In the early spring of 2032, the two sailors cast lines and tacked into the wind, making for the Alabama coast some 550 miles distant. The principal passenger, the writer Albert Bates, had been holed up in the Yum Balam Protected Area since March, 2020. There he had escaped the ravages of the pandemic unharmed, despite his age and susceptible health, managing to survive on the traditional indigenous diet of his new home after the collapse of the Mexican political state .
In 2031, at the age of 84, he had been visited by an old friend named Trigo, 30 years his junior, who had sailed across the Atlantic Ocean wishing to see what might remain of the island where he had once lived and owned a hotel. When Trigo discovered Bates alive and well, the two celebrated in the ways of that place and time, with home-brewed coconut rum and marijuana, and after some weeks, decided on their plan to sail to the United States and return Albert to his family at The Farm.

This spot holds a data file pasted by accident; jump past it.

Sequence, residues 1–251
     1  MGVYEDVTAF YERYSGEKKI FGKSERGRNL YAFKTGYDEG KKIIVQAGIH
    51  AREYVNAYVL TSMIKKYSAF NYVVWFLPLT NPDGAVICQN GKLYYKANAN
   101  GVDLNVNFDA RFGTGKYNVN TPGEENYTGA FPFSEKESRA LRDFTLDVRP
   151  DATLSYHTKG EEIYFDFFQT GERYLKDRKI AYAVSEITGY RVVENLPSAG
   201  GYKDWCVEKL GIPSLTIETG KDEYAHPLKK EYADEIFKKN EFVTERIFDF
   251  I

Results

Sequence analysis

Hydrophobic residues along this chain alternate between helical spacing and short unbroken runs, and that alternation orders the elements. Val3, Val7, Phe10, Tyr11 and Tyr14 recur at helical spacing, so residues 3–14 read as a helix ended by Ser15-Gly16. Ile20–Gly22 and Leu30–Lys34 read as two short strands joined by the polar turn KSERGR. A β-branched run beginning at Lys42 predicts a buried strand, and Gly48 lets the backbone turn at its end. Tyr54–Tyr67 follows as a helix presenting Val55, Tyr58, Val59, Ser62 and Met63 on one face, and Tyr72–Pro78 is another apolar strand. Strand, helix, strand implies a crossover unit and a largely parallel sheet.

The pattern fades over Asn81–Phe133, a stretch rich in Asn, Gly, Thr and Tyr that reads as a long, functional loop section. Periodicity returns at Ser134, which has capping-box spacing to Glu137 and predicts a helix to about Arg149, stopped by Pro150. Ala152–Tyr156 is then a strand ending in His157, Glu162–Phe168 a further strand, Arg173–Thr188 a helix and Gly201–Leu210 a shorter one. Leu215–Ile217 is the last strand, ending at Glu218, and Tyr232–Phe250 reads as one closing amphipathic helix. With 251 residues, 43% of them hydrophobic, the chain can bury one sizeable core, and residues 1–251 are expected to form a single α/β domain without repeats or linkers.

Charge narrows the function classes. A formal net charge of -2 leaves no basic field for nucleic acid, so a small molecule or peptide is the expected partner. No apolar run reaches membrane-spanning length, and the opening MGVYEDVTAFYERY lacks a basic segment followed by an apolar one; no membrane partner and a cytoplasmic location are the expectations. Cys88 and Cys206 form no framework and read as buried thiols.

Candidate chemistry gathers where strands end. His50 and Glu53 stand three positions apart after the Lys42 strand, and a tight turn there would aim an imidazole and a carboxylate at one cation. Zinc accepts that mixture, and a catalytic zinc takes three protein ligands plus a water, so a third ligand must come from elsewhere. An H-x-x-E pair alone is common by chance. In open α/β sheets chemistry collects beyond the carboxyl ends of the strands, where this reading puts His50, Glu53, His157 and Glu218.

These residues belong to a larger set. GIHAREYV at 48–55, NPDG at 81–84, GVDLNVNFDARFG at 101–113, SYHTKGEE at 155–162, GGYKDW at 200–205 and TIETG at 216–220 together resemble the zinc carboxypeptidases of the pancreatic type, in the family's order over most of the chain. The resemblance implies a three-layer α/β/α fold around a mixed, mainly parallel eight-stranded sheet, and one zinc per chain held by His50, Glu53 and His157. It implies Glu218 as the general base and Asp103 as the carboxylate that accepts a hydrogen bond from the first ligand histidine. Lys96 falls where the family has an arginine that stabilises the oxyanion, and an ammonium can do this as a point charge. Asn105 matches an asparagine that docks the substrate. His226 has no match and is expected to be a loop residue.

Trigo’s 50-foot sloop was perfect for this journey. While the trip around the coast of Mexico and Texas might have been safer, staying within sight of land, it would have had its own risks — pirates, arrest by warlords, uncharted shoals — so they decided to take the most direct route, straight across the Gulf, and hope for good sailing weather. They expected to cover the distance in about a week, perhaps even just a few days, with favorable breezes and Trigo’s experienced hand on the tiller.
It took a bit longer, exactly 2 weeks, although they encountered no major storms along the way. They spied the outer coastal wetlands, heeled east, keeping Louisiana and Mississippi to port, and made good time into Mobile Bay.
Twelve years earlier the protocol would have been to pull up to a dock at an assigned Port of Entry, show their passports, pass through a customs search, and ask to be admitted. However, as the pandemic had crested its second peak in 2021, the US Customs and Border Protection (CBP) moved almost exclusively to requiring pleasure craft to use a smartphone system called ROAM to declare their arrival and undergo a video chat interview with an online CBP officer.